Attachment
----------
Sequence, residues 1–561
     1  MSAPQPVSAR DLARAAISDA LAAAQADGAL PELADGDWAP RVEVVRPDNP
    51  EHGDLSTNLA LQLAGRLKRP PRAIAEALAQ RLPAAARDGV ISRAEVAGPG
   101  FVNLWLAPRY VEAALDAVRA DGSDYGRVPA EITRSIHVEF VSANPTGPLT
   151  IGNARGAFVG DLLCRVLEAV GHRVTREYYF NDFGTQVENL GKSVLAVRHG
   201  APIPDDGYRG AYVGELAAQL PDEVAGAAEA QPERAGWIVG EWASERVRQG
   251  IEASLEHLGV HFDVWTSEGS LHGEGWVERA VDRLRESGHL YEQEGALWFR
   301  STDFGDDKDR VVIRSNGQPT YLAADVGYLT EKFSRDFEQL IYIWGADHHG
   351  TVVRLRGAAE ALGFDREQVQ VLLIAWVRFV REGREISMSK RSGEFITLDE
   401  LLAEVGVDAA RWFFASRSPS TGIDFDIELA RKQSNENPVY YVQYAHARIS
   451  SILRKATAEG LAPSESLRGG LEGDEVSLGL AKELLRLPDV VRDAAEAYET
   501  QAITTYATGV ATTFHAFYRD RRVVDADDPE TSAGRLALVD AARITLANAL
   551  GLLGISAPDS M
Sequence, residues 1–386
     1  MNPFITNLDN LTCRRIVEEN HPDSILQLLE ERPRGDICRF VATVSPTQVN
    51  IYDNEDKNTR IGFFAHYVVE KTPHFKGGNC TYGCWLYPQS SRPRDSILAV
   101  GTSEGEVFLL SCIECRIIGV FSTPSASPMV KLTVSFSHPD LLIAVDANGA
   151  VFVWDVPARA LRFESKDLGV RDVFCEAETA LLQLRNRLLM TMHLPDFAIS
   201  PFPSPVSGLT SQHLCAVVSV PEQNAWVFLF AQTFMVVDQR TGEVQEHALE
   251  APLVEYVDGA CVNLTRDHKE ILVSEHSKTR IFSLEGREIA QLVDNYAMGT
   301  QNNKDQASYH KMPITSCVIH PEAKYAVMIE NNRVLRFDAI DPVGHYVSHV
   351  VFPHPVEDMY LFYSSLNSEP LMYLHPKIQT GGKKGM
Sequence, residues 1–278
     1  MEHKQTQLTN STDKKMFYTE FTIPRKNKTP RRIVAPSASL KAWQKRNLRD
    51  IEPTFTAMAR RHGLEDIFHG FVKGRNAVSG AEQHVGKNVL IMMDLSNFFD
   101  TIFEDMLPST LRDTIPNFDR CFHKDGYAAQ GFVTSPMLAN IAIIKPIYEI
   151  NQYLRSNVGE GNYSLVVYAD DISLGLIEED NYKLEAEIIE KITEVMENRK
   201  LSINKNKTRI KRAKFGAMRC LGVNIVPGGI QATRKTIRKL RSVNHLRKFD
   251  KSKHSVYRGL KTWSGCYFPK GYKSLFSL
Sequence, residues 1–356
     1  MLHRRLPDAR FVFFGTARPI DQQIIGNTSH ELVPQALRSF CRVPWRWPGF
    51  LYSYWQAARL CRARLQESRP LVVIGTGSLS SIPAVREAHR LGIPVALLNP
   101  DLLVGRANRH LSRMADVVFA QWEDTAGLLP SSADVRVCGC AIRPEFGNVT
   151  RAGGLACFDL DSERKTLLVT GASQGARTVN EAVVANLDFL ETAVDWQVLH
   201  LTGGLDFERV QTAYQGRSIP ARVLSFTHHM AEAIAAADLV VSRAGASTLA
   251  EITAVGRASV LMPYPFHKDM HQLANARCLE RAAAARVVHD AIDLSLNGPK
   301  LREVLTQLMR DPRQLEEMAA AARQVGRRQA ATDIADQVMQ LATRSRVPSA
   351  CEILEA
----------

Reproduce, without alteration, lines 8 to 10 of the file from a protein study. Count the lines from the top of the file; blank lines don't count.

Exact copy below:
   301  STDFGDDKDR VVIRSNGQPT YLAADVGYLT EKFSRDFEQL IYIWGADHHG
   351  TVVRLRGAAE ALGFDREQVQ VLLIAWVRFV REGREISMSK RSGEFITLDE
   401  LLAEVGVDAA RWFFASRSPS TGIDFDIELA RKQSNENPVY YVQYAHARIS